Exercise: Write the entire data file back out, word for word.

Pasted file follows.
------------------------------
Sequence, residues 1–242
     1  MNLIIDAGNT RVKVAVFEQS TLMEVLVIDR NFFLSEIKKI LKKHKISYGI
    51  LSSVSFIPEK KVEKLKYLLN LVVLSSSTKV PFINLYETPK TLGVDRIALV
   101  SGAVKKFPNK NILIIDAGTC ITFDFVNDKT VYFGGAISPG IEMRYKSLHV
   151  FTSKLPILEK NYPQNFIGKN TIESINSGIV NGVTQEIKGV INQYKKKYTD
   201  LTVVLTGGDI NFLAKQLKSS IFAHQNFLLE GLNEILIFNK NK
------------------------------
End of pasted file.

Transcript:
Sequence, residues 1–242
     1  MNLIIDAGNT RVKVAVFEQS TLMEVLVIDR NFFLSEIKKI LKKHKISYGI
    51  LSSVSFIPEK KVEKLKYLLN LVVLSSSTKV PFINLYETPK TLGVDRIALV
   101  SGAVKKFPNK NILIIDAGTC ITFDFVNDKT VYFGGAISPG IEMRYKSLHV
   151  FTSKLPILEK NYPQNFIGKN TIESINSGIV NGVTQEIKGV INQYKKKYTD
   201  LTVVLTGGDI NFLAKQLKSS IFAHQNFLLE GLNEILIFNK NK